Federal Reserve Chairman Ben S. Bernanke Tuesday warned of dire consequences for the economy and for average Americans if lawmakers do not quickly pass a $700 billion bailout for faltering banks.
But lawmakers remained deeply skeptical about the bill and warned that it will take longer than a week to pass and will include provisions that the administration opposes. Leading Democrats remained bent on including limits on bank executive compensation and an equity stake for taxpayers in the banks that benefit from the bailout.
The administration’s blueprint, which would give the Treasury sweeping authority to buy an assortment of toxic debt from banks with few strings attached, is “not acceptable,” Chairman Christopher J. Dodd told top Bush officials testifying before the Senate Banking, Housing and Urban Affairs Committee.
“A lot of reservations have been expressed this morning by Democrats and Republicans,” the Connecticut Democrat said after the five-hour hearing. “This is not going to work.”
President Bush, who attended a plenary session of the U.N. General Assembly yesterday, said other world leaders have asked him whether Democratic objections would derail the plan in Congress.
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“I’ve assured them that the plan laid out by Secretary Paulson is a robust plan to deal with a serious problem,” he said. “I’m confident that there will be a bipartisan bill … a rescue plan to make sure that there’s some stability in the markets.”
Markets were more subdued Tuesday as the tense hearing kept many traders on Wall Street riveted to TV screens. Stocks experienced moderate losses while signs of life appeared in the stricken credit markets. New funds trickled into money-market accounts that were battered by massive withdrawals last week.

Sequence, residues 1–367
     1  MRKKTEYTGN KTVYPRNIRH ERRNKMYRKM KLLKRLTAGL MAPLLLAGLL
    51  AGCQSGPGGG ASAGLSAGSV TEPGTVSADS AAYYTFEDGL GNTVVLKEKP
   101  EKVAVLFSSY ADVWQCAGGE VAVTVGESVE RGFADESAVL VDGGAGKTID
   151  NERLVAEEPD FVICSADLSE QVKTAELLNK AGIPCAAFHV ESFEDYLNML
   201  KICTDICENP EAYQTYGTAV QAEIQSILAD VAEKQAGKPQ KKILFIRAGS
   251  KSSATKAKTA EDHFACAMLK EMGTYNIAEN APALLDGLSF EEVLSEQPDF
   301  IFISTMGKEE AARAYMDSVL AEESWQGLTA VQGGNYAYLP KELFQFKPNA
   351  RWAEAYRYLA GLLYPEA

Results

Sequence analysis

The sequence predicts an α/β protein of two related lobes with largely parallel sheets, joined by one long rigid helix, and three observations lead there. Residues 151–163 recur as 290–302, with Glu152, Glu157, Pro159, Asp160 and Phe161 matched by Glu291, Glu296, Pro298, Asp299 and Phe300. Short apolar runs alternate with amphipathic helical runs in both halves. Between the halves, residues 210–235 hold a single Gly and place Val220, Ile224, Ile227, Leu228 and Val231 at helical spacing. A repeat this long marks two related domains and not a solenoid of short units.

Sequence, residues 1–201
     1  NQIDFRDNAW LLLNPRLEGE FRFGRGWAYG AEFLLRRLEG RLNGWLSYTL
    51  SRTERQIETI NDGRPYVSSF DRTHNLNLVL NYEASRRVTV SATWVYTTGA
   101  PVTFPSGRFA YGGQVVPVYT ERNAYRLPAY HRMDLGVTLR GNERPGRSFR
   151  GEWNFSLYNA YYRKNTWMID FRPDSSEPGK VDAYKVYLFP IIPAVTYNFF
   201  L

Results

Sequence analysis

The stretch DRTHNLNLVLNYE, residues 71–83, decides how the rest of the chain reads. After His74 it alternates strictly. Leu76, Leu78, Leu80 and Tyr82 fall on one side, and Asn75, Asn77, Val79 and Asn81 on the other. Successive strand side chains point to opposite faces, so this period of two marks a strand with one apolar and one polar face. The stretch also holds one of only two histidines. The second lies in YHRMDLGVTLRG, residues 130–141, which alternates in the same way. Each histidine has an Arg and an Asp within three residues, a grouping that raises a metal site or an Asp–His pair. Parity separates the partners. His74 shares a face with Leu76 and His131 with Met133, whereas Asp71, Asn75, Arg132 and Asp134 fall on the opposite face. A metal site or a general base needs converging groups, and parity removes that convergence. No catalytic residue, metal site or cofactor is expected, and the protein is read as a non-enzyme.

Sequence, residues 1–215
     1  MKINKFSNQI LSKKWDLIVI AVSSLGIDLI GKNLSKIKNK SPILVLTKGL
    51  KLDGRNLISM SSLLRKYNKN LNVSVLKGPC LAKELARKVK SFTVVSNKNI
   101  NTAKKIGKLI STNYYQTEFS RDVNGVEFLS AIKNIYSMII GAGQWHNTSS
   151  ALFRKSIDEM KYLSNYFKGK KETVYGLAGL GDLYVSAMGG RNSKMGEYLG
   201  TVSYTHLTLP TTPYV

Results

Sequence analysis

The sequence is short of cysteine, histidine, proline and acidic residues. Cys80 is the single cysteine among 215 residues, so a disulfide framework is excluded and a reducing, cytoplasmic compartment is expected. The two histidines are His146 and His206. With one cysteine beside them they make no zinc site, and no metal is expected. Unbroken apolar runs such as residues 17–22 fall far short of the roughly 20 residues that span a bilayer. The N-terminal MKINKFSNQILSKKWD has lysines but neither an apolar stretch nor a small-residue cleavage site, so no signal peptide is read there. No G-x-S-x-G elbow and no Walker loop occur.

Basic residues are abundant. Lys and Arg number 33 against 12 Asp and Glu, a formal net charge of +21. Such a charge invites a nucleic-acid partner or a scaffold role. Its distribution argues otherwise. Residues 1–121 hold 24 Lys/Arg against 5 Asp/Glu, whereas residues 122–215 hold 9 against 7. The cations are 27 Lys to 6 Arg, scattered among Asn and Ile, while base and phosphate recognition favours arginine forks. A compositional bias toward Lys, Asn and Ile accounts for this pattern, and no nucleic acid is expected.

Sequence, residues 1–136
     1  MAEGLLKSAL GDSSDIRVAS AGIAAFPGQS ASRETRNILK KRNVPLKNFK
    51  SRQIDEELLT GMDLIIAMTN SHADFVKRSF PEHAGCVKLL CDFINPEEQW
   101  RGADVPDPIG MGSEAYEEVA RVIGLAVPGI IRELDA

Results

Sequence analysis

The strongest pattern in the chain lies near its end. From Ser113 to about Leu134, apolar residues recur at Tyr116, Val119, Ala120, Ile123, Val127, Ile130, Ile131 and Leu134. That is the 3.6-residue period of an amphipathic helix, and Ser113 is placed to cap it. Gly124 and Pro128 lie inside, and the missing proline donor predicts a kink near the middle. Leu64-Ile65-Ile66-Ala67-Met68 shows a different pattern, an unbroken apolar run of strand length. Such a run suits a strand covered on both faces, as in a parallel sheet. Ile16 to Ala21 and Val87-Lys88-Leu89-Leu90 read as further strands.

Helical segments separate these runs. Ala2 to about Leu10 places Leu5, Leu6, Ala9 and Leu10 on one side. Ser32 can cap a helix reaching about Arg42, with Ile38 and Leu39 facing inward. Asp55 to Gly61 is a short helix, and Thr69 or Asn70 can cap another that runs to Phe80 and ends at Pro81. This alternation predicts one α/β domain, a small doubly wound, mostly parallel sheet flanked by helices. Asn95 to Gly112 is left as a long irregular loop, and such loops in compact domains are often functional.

Markets may be lifted Wednesday by news overnight that Warren Buffett’s Berkshire Hathaway is buying a $5 billion stake in Goldman Sachs, a leading Wall Street firm that converted itself into a bank last weekend.
House leaders said after a meeting of the Democratic caucus that the Treasury plan would be a hard sell without major changes. A spokesman for House Speaker Nancy Pelosi, California Democrat, said the administration will have to coax balking Republicans to vote for the plan.
“We don’t expect every Democrat to vote for it. Maybe our caucus will be split,” said Pelosi spokesman Nadeam Elshami. “But it’s the Republicans who are having problems.”
The White House began an effort to round up votes Tuesday with Vice President Dick Cheney, White House Chief of Staff Joshua B. Bolten and economic policy adviser Keith Hennessey meeting with Republicans in both chambers.